Suppose you have a tech startup. This startup is a facial-recognition app that you market to bars and nightclubs; it allows these establishments to snap photos of their patrons and analyze their measurements to determine their ages and sexes. This information is aggregated and made public, so that bros far and wide can learn which bars are totally rife with smokin' babes and which are totes dong-fests.
Sick startup, bro. Suuuuuper sick startup. Problem: for some reason, people find this idea creepy. They would rather not be photographed without their explicit consent and have their bio-metrics analyzed. It's a terrible trope from every action thriller made in the 1980s about the 2020s, they say, and it's an invasion of privacy.
Oh shit, bro. You're in trouble, bro. You're preparing to launch this service in San Francisco, but the media has caught wind of the controversy. People are threatening boycotts of bars that use your service. You scramble to contain the damage by agreeing to an interview with a journalist from AllThingsD, a nationwide tech publication. So you'll go to a bar to talk. No probski, right bro?!?!?
Late yesterday afternoon, I was supposed to meet SceneTap CEO Cole Harper at a bar in San Francisco, so I could get an in-person view of his company’s nightlife monitoring system that was set to debut today at various local venues.
More than an hour after we were scheduled to meet, Harper finally emerged from the bar. We were no longer welcome to do a press interview inside, he said.
The manager had been tearing Harper a new one, after getting hostile phone calls all week about the SceneTap launch [...]
Red alert, bro. RED. ALERT. Gotta turn the tide here, bro. Gotta make something happen. The bros don't call you C-Dogg for nothin', bro. You see the big picture. You got it allll figured out, m'man. You're a mastermind. You see all the angles. You got this. You got this. You got a plan, bro.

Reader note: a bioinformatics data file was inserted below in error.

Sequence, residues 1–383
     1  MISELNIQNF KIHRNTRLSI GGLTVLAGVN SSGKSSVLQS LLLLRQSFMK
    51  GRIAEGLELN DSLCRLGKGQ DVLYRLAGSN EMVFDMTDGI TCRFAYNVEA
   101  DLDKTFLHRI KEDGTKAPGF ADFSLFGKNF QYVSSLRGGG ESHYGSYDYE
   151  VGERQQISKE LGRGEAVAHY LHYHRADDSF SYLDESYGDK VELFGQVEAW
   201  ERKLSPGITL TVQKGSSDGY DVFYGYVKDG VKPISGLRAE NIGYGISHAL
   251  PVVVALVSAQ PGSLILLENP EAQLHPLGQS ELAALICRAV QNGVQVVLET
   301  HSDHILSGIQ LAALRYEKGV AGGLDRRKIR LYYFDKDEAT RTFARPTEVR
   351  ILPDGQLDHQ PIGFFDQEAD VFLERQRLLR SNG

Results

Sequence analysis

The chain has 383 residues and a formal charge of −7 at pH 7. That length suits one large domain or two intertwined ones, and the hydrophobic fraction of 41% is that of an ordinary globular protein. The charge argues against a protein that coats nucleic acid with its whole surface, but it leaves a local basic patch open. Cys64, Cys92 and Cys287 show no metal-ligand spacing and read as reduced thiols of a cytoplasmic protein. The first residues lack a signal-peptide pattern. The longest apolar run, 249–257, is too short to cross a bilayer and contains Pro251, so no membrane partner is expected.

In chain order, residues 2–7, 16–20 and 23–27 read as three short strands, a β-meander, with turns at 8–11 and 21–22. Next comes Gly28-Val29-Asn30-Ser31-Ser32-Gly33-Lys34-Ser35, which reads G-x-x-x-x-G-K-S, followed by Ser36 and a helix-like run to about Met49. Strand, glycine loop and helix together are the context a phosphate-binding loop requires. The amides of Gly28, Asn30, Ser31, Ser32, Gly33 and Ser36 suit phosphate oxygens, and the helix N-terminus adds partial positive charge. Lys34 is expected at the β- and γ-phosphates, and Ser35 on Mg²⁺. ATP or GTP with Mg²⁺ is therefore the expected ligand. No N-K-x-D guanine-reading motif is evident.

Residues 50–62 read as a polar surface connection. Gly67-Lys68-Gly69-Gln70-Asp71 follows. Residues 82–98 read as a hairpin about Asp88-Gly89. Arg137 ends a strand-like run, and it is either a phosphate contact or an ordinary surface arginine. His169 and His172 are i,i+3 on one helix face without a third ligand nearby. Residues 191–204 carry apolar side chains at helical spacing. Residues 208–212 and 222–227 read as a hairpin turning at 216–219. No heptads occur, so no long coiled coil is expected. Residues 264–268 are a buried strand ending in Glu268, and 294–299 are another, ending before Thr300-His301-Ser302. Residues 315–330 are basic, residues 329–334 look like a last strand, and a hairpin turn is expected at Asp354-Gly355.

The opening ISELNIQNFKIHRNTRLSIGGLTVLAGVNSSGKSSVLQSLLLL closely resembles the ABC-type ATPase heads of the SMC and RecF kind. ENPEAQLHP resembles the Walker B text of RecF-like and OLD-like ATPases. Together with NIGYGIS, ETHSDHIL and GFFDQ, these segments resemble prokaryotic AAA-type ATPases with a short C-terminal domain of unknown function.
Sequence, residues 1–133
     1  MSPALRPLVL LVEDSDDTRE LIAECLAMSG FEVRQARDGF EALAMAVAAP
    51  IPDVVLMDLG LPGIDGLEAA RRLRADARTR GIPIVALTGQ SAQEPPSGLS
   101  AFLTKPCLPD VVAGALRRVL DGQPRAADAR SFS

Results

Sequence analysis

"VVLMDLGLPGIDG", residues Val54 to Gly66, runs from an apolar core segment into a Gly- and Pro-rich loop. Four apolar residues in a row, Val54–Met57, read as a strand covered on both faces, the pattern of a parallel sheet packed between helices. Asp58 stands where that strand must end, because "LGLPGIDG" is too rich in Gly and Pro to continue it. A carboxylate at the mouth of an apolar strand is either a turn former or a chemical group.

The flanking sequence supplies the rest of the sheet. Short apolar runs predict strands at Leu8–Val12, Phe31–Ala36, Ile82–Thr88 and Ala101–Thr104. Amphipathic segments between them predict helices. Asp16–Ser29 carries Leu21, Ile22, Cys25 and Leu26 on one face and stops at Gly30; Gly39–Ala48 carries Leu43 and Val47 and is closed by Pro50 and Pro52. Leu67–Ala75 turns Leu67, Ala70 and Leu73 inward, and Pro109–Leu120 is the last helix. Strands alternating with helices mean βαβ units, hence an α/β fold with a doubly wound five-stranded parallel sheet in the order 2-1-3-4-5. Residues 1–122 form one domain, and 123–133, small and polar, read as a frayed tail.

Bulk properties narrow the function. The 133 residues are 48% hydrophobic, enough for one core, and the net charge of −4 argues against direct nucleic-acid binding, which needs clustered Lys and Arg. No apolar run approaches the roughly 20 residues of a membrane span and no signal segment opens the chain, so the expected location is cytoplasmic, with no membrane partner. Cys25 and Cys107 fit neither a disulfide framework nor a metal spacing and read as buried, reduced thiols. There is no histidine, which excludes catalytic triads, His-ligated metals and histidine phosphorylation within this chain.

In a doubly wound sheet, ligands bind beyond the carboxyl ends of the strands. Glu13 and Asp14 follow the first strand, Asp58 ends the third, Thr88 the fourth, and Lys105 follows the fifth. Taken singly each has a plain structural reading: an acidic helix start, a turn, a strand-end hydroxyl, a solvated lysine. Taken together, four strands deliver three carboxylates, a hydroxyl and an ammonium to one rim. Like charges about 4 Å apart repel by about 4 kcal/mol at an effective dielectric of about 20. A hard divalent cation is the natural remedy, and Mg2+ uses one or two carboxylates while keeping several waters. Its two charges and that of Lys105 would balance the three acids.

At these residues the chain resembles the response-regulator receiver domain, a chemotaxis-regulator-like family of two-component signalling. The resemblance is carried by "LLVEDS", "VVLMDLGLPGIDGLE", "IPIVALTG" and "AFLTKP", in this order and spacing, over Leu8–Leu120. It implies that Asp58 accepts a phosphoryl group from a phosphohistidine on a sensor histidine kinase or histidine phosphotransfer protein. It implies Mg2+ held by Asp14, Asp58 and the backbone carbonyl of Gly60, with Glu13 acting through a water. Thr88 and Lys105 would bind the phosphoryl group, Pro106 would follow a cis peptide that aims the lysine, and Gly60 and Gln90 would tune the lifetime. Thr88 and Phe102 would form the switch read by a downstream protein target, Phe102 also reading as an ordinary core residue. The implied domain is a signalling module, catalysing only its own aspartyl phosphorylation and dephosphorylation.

This is your plan, bro.
This occurred the day after the AllThingsD interview and the planned San Francisco launch. I do not know whether the fellow in this suit is CEO Cole Harper, or an employee, or a hired goon, or what. I do not know because, unlike almost every other field-stormer I have documented, he completely obscured his face. YES INDEED, FRIENDS: a man representing a company that photographs and analyzes people without their explicit consent, refuses to show his own face. Ah ha ha ha ha ha ha ha ha ha.
For my part, I am trying to obscure my abject disdain for this knucklehead and I am doing a terrible job of it. I'm sorry, I'm getting ahead of myself. To the video:
I'd like to take just one moment to commend YouTube subscriber TheMattmic806 for providing such excellent video documentation. It's quite rare that we get to see an entire field-storming, from start to finish, documented within one video. Seriously, terrific work.
I cannot extend commendation to this ding-dong in the body suit, however. Never mind that the print on your suit was too small to reasonably expect anyone to read it. Here, I find myself in a quite unfamiliar position, one in which I'm rooting for the security personnel to take him down. You see ... you see, advertisement has its place. But field-storming is a beautiful art form, an expression of brazen, unauthorized independence.
Commercialism has no place in this realm. Can't you see that? Have you missed the point so thoroughly? I can't help but imagine that if the universe was created by your clumsy hand, the birds and beasts would howl offers of discount auto insurance across the prairies, and a circled ™ symbol would revolve around our Earth in lieu of the Moon.
Sigh. To the statistics.
Run time: 38 seconds
Estimated run distance: 400 feet
Indignant gestures: 1 (gestured to crowd with outstretched arms)
Articles of clothing worn: 1 (full-body spandex suit)
Security guards in play: 1
That's right. For the first time over the course of these studies, a security guard managed a completely unassisted takedown. I salute you, friend.
I'd like to note one more thing: this fellow attempted to escape. Part of what makes field-storming beautiful is that usually, the performers act in acceptance of their fate. They rarely attempt to escape. Only one -- the legend of Minute Maid Park -- has escaped the field successfully.
Did you think this was how it worked, you knucklehead? That your act did not require sacrifice?
This is the territory of the very bravest among us. This ain't no Bayside startup. You are far from your Aeron chair and your Macbook and your renovated balcony office in the gentrified neighborhood.
You're in the wilderness now, motherf***er.